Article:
CompositeType for composite column names in Cassandra
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CompositeType for Cassandra

For a more detailed description of how this might be used, please read:

For an example implementation of using it for indexing, see:


Be aware that most of the capabilities provided by original CompositeType comparer
have been incorporated in the proposed patch described at and are now incorporated
into Cassandra 0.8.1.

A version of new CompositeType and DynamicCompositeType that has been backported
to 7.x is available at:

The index-building techniques described here will still be applicable
though and should be used in place of SuperColumn-based approaches and,
once support for composite-based indexes are incorporated into the major
client libraries, will often be preferable to the built-in secondary
indexes as well.

Although Cassandra provides SuperColumns which allow you to have columns
containing columns, it's often desirable to use regular columns and to
be able to combine two or more ids into a sortable column name.  This
is especially important for building inverted indexes for searches or
being able to do things like creating a table to map user names sorted
by last name then first name to user ids.

This can accomplished by concatenating two ids together with a separator,
such as "last.first.randomuuid" or "item.version", and assuming that each
id is properly passed and compares correctly via bytewise comparison, this
approach might work.  But, if the ids are numerical or time-based UUIDs for
example, the results are usually less than satisfactory.

CompositeType is a comparer that allows you to combine the existing
Cassandra types into a composite type that will then be compared correctly
for each of the component types.

To use this, you must specify the comparer in your cassandra.yaml file:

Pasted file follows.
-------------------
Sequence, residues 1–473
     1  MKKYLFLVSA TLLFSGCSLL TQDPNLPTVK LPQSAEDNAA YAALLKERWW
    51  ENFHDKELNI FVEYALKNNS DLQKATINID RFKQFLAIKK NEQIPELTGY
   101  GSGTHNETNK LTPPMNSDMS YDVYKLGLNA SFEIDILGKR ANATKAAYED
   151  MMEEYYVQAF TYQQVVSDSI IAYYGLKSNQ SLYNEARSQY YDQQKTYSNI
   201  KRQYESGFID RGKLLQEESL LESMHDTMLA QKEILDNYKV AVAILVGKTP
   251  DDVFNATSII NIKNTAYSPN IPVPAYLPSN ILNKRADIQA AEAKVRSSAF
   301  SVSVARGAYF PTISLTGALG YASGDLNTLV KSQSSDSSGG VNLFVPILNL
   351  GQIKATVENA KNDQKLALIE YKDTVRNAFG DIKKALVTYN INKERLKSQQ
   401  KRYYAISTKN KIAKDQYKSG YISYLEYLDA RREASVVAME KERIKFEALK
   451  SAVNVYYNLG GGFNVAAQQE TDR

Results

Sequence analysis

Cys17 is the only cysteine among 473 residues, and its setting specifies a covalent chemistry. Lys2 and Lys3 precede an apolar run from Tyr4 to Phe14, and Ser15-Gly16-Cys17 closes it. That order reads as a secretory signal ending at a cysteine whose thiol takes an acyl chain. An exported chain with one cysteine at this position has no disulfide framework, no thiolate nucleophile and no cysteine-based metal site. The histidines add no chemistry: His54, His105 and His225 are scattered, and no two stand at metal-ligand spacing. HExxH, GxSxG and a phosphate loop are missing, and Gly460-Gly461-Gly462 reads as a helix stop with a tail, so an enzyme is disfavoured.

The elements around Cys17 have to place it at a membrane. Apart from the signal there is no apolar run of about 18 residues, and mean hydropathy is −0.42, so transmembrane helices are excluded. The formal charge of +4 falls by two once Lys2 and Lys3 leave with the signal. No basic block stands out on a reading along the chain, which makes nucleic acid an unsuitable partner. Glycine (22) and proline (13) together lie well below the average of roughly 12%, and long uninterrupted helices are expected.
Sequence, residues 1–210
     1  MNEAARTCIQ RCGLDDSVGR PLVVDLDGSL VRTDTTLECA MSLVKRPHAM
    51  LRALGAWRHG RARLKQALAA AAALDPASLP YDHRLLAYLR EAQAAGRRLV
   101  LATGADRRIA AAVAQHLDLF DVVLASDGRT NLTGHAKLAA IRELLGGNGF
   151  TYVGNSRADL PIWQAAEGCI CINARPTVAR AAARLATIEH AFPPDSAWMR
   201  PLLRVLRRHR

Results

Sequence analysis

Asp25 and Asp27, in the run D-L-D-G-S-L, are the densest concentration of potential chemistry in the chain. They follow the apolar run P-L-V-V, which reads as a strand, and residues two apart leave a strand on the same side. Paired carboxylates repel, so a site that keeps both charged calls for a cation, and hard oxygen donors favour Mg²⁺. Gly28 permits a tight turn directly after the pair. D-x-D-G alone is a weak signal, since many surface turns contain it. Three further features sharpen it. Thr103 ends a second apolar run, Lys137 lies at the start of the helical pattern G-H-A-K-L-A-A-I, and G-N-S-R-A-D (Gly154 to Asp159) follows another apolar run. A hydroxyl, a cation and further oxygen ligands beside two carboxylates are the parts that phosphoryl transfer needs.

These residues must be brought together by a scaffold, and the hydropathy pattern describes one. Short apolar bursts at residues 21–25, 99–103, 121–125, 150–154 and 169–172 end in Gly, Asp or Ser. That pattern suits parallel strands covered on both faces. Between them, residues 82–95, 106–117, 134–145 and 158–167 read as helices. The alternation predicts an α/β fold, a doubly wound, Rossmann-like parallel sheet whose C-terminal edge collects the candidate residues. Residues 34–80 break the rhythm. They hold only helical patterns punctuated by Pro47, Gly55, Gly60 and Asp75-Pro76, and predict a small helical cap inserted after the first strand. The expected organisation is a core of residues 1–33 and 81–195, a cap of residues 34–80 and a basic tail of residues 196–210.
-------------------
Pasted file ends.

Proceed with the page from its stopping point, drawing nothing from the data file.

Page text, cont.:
- name: Stuff
      compare_with: compositecomparer.CompositeType

To construct a composite name for a new column, use the following:

Composite c = new Composite();
ByteBuffer column_name = c.serializeToByteBuffer();

A convenience method is provided as well, although it makes certain assumptions
that you might want to verify are applicable.  You use it like this:

import static compositecomparer.Composite.serialize;

byte[] cname = serialize("smith", "bob", new Long(System.currentTimeMillis()));

If you wanted to find all users with the last name "smith" whose name started
with "b", you could do the following:

byte[] slice_start = serialize("smith", "b");
byte[] slice_end = serialize("smith", "b\uFFFF");

This has also been updated to work with ByteBuffers for Cassandra 7.0:

import static compositecomparer.Composite.serializeToByteBuffer;

ByteBuffer cname = serializeToByteBuffer("document", version);

The composite type is encoded as a byte array consisting of a four byte prefix
containing an identifier and a version number, followed by each component part.
Each component part starts with 1 byte to specify the component type, and then
for variable length types such as ASCII strings, 2 bytes are used for the length
of the string.